Helen Frankenthaler in her Provincetown studio, 1968. Artwork © Helen Frankenthaler Foundation, Inc./Artists Rights Society (ARS), New York
      


    Referencing the eponymous beach a few miles outside of Provincetown, Head of the Meadow conjures a summery idyll: one can almost imagine the sensation of driving through the dense Cape Cod pine forest in the thick of summer, the narrow road opening up to an expansive view of the secluded, yet vast, beach. Many of Frankenthaler’s works from this period suggest aerial views, yet as with Motherwell's painting, her color fields are not meant to be viewed literally. 
     

    Head of the Meadow Beach,  Cape Cod.    
  • An Explosive Landscape

    Head of the Meadow is a painting filled with intimations of summer, sea and nature. Billowing fields of blue, yellow and green paint converge on the vast canvas just as ocean meets land. Together with masterpieces such as Indian Summer, Hirshhorn Museum and Sculpture Garden, Washington, D.C., and Flood, Whitney Museum of American Art, New York, both 1967, this painting captures the culminating moment of one of the most experimental and productive periods in Frankenthaler’s career. The significance of Frankenthaler’s experience in Cape Cod was recently subject to the exhibition Abstract Climates: Helen Frankenthaler in Provincetown at the Provincetown Art Association and Museum and the Parrish Art Museum, Water Mill, New York.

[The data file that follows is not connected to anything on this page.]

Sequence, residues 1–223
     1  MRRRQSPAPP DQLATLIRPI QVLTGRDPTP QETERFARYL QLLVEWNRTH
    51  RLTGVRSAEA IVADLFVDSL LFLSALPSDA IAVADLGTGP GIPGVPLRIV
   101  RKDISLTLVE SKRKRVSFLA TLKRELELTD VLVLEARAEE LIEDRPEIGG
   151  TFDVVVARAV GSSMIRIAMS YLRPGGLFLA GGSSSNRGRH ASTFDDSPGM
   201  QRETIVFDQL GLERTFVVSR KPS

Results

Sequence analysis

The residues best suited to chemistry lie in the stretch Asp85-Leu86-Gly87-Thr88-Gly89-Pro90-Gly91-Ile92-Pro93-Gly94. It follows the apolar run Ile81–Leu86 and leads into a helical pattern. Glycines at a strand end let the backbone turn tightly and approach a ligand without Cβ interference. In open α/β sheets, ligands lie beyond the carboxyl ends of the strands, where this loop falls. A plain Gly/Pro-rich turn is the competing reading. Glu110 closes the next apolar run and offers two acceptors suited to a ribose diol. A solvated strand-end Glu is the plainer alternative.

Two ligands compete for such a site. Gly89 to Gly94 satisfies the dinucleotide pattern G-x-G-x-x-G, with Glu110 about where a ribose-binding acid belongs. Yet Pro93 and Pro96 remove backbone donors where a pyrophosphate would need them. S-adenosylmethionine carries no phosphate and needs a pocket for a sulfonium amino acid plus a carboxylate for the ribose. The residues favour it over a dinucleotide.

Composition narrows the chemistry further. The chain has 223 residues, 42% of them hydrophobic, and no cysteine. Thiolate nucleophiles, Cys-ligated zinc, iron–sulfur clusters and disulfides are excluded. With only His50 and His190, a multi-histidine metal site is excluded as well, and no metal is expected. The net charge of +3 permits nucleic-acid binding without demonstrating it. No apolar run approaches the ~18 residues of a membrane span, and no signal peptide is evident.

Helen Frankenthaler, Indian Summer, 1967. Hirshhorn Museum and Sculpture Garden, Smithsonian Institution, Washington DC, Artwork ©  Helen Frankenthaler Foundation, Inc./Artists Rights Society (ARS), New York